• No ceiling or “cap”: The proposed legislation does not set a limit to the number of retail store licences in Ontario. However, the legislation would afford the government flexibility needed to address issues with concentration of stores in individual markets and the number of individual stores that a single retailer may have. According to Attorney General for Ontario Caroline Mulroney, the objective is to ensure that the market is not dominated by one or two parties.[10]
  • Sale by federally licensed producers: Federally licensed producers will be allowed to establish retail stores, however they will be limited to a single retail store that must be onsite at a production facility.[11]
  • Public consumption: The Smoke-Free Ontario Act, 2017 and the Cannabis Control Act, 2017 are amended to the effect that individuals in Ontario will be able to smoke or vape cannabis wherever the smoking or vaping of tobacco is permitted as well including in public areas.[12] This would represent a dramatic change from the previous state of the Cannabis Control Act, 2017 which currently prohibits the consumption of cannabis in any public place.[13] Smoking or vaping cannabis in enclosed public places, workplaces, vehicles or boats however is still be prohibited.[14] If prescribed requirements are met, there are also exemptions allowing for the smoking or vaping of cannabis in certain long-term care homes, retirement homes, supportive housing residences, psychiatric facilities, veterans facilities as well as hotels, motels and inns.[15]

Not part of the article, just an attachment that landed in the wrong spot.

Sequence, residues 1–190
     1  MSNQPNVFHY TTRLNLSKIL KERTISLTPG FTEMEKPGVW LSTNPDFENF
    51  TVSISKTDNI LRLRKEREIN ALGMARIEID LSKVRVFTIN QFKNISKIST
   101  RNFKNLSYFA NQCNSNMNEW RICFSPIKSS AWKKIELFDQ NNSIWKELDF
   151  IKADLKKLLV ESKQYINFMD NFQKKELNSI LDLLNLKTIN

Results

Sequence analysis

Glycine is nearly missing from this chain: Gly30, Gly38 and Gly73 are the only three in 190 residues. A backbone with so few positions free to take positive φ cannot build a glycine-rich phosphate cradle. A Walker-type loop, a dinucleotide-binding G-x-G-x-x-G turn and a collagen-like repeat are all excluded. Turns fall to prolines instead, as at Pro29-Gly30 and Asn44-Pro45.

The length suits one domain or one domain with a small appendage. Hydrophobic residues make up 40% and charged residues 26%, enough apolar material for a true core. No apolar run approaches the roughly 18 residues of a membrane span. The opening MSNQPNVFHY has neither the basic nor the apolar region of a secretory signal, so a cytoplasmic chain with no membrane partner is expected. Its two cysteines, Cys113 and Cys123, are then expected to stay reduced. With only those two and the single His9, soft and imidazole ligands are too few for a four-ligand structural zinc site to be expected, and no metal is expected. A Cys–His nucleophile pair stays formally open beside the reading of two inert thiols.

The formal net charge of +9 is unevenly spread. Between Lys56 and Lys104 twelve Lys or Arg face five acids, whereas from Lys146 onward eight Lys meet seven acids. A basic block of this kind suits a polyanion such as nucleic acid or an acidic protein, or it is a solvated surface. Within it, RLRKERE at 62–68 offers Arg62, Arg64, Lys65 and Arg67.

• Municipality control: Municipalities are able to pass a resolution by January 22, 2019 to opt out of retail sale in their communities.[16] This prohibition can be lifted in the future, however once cannabis retail stores are permitted it will not be possible to implement a prohibition later.[17] Should a municipality “opt in” and allow retail sale in their community, the AGCO will have the authority to decide how many and where retail outlets will be permitted. While the municipality and its residents may make written submissions within 15 days after notice of a proposed retail store is posted, the AGCO will ultimately reserve the right to make a final decision.[18] Further, the legislation prohibits municipalities from passing by-laws designating cannabis retail as a separate land use or creating their own system of licensing.[19]
  • Reserves: A retail store authorization may not be issued unless the council of the band has approved the location of the proposed retail store on the reserve.[20] A council of the band may request that the AGCO Registrar not issue retail store authorization for cannabis retail stores to be located on the reserve. The Registrar must comply with such a request, as well as with any future request to amend or rescind the original request.[21]